© 2013 MLB Advanced Media, L.P. All rights reserved.

03/09/2013 5:59 PM ET

Byrd happy to help wherever he is needed

PORT ST. LUCIE, Fla. -- Outfielder Marlon Byrd arrived to camp with one focus after signing a Minor League contract with the Mets a month ago: make the team.

So far the 35-year-old has given manager Terry Collins reason to believe he should. Following Saturday's action, he is hitting .400 (8-for-20) with three doubles and three RBIs through eight games.

"I think every year you have to prove yourself -- it doesn't matter who you are," said Byrd, who is trying to make his sixth big league team. "I have to prove I belong on this team. That was my whole goal, and my plan going here."

Collins inserted Byrd into the leadoff spot for the first time this spring during Saturday afternoon's game against the Astros. He started in right field.

In 2012, the 11-year veteran's season prematurely came to an end after just 47 games with the Cubs and Red Sox when he received a 50-game suspension, testing positive for Tamoxifen. Byrd had said it was a result of medication he was taking for a years-old condition that is unrelated to baseball and recurred during the offseason.

With a group of young outfielders that includes Matt den Dekker, Kirk Nieuwenhuis and Cowgill, Byrd offers an experienced presence. He can also play all three outfield positions.

"Whatever they want me to do, I'm here to help this team win," Byrd said. "Wherever I fit in that's the way I want Terry to use me. If I was stuck in one position it would make it a little bit tougher to make this team, but being able to play all three helps."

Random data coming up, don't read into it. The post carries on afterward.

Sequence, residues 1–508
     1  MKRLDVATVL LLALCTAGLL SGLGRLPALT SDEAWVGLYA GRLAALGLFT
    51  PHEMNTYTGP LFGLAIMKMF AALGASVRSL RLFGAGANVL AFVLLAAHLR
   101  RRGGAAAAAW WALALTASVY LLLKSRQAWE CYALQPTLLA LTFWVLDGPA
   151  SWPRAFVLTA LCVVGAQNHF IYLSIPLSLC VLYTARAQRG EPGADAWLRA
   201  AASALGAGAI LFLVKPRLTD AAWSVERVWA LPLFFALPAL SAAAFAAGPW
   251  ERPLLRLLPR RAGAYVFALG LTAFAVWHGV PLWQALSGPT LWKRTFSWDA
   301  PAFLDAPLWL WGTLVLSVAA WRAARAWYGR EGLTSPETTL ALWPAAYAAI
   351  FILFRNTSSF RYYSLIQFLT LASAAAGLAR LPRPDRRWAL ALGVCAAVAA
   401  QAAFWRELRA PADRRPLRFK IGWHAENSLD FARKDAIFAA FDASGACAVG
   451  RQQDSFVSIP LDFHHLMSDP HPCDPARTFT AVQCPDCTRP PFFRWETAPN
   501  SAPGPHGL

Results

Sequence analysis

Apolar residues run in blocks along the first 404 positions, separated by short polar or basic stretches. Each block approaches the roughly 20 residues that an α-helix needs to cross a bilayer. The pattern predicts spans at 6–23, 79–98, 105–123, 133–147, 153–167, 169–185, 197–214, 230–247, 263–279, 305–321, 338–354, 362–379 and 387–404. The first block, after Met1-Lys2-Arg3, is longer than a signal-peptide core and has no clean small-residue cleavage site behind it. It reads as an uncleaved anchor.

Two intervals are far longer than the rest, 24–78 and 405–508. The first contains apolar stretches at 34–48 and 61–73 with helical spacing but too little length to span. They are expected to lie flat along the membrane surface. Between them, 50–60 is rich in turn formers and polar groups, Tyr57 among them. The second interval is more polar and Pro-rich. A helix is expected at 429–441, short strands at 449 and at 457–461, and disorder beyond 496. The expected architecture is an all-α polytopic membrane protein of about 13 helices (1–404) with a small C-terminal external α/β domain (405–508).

Santana works on stretching on Saturday

PORT ST. LUCIE, Fla. -- In a sea of blue and orange jerseys, Johan Santana's No. 57 was nowhere to be seen as his teammates took part in Saturday morning workouts.

Instead, the 33-year-old left-hander stayed behind to focus on shoulder stretches and extra treatment.

Mets manager Terry Collins said the southpaw's status remains day to day in terms of when he will return to the mound and make his Grapefruit League debut.

"[I] talked to him this morning and asked what he was going to do today," Collins said. "[He] thought he should do some stretching exercises for the flexibility in his shoulder and I told him, 'By all means get it done and make sure you're ready to go.' We would certainly hope something next week, but if it's not, it's not. Part of our conversation was he's ready when he's ready."

A week ago a report stated the Mets were unhappy that the two-time Cy Young Award winner reported to camp not in pitching shape. A day later, Santana threw off a mound, veering off his schedule.

Collins and pitching coach Dan Warthen had him return to his previous pace, which includes his current long toss program. He threw off a back mound at the Mets complex on Wednesday, and also had a light long-toss session. If all goes smoothly, he would progress to bullpen sessions and batting practice.